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Optimism exists for biosimilars in the United States, but questions regarding FDA approval and reimbursement remain.
These are early days for biosimilars in the United States. There’s only one biosimilar available on the U.S. market today: Sandoz’ Zarxio (filgrastim-sndz), which was approved by FDA in March, for the same indications as Neupogen (filgrastim). Still, FDA rejected Amgen’s Epogen as a biosimilar; the company plans to resubmit its application to the agency in the first half of 2016.
GinestroDespite that, there’s a lot of optimism surrounding biosimilars, says Mark Ginestro, a principal at KPMG. He says that optimism is largely attributable to the impact biosimilars could have on reducing the cost of pharmaceutical products.
A 2014 RAND study projects that biosimilar drugs could result in more than $44 billion in savings on biologic drugs between 2014 and 2024 (or about 4% of total biologic spending).
Nadina Rosier, North America health and group benefits practice leader of pharmacy at Towers Watson, says the market is still waiting on final guidance from FDA that addresses outstanding concerns, such as naming conventions, interchangeables, and substitutions. Thus, she says the ability of biosimilars to reduce plan sponsors’ costs for specialty drugs remains unpredictable.
On a practical level, Rosier suspects that pharmacy benefit managers (PBMs) will manage biosimilars initially through formulary placement and utilization programs, such as preferred drug step therapy programs. But it’s not yet written in the cards “that biosimilars will be the PBM’s preferred agent of choice,” she says.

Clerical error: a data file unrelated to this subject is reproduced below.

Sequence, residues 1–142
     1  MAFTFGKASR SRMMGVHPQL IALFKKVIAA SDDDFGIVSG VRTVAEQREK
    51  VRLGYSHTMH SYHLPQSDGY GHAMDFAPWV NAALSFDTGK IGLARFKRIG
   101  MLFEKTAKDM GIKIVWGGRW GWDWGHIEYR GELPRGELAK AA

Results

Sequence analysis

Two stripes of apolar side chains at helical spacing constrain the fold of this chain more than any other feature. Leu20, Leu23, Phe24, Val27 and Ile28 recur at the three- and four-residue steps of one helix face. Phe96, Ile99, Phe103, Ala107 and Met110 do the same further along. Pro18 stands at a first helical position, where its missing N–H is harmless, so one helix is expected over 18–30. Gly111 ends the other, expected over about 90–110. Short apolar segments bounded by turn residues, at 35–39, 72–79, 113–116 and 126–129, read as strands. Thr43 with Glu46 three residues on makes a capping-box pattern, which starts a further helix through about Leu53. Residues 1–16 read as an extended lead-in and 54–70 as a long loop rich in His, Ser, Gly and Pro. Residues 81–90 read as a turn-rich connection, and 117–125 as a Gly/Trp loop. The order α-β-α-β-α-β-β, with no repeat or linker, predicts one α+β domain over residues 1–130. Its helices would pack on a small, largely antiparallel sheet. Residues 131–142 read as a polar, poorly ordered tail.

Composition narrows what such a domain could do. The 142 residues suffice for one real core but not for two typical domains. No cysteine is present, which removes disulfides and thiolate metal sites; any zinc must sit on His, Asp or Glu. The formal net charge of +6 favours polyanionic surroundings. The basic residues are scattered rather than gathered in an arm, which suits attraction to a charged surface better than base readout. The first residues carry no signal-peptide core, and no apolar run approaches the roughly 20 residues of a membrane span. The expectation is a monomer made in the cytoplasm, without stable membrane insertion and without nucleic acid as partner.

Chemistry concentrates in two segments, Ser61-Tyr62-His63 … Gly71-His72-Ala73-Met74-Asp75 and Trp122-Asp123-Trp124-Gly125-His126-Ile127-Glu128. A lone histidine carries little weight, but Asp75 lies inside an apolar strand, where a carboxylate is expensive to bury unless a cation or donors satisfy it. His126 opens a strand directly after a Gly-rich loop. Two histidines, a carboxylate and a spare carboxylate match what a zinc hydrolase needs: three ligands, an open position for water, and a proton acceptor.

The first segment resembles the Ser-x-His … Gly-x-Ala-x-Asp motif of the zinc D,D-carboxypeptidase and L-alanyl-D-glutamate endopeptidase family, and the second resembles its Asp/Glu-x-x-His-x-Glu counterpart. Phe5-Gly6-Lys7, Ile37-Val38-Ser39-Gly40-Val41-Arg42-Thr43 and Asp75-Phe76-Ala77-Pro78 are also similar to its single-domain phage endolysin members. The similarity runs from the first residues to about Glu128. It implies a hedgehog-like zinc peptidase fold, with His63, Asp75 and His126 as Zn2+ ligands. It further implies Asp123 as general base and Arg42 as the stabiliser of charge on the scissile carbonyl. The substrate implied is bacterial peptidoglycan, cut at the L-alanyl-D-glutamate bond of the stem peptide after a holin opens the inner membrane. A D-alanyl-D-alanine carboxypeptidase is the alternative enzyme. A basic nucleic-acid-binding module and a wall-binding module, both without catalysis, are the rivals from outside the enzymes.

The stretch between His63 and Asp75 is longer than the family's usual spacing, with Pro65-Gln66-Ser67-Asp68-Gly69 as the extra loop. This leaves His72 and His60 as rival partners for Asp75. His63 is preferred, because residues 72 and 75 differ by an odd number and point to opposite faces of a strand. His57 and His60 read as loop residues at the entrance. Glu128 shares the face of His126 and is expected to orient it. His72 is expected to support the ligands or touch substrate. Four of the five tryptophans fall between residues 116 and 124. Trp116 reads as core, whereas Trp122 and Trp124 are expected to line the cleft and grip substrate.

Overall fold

RosierWhat payers are looking for is clarity about how biosimilars are going to be handled in Medicare Part B and Part D, says Ginestro. For example, biosimilars are currently treated as generics in the Part D “donut hole,” which would make a branded product more attractive.
Discounting will be the way for manufacturers to gain market share, says Ginestro, though he doesn’t expect biosimilars to be discounted as heavily in the United States as in Norway, for example, where they are discounted by as much as 70%. “I think what you’re seeing in Norway is you’ve got a government payer who can negotiate and control [price]. We don’t have that in the United States,” he says.
Then there’s the issue of J-codes. The Centers for Medicare and Medicaid Services (CMS) announced in November that the same J-code will be assigned to all biosimilars of the same reference product for billing purposes. Since then, the agency has received feedback from the Biosimilar Forum and physician advocacy groups that support creating a distinct and unique code for billing and reimbursement, says Rosier.
The criticism from these groups is if biosimilars don’t have unique J-codes, there could be confusion among prescribers and patient frustration, plus it would prevent the tracking of biosimilars separately, and that could lead to clinical and safety issues, she says.
As Ginestro sees it, it comes down to whether biosimilars share a J-code with the brand drug or they don’t. “The effect there being if they’re sharing a J-code, the reimbursement for everything in that J-code is at the same price,” he says.
“If somebody launches a [biosimilar] at a discount, they may be able to attain share for a period of time, but over say two quarters, it’s all going to sort of shake out so that even the brand product gets the same reimbursement level as the biosimilar product because they’re sharing a J-code."
The future of biosimilars will depend on how prescribers and physicians feel about the safety of substituting a biosimilar, says Dinkar Saran, a principal with PwC’s health industries advisory services, who agrees that some of the naming conventions make biologics difficult for prescribers to understand.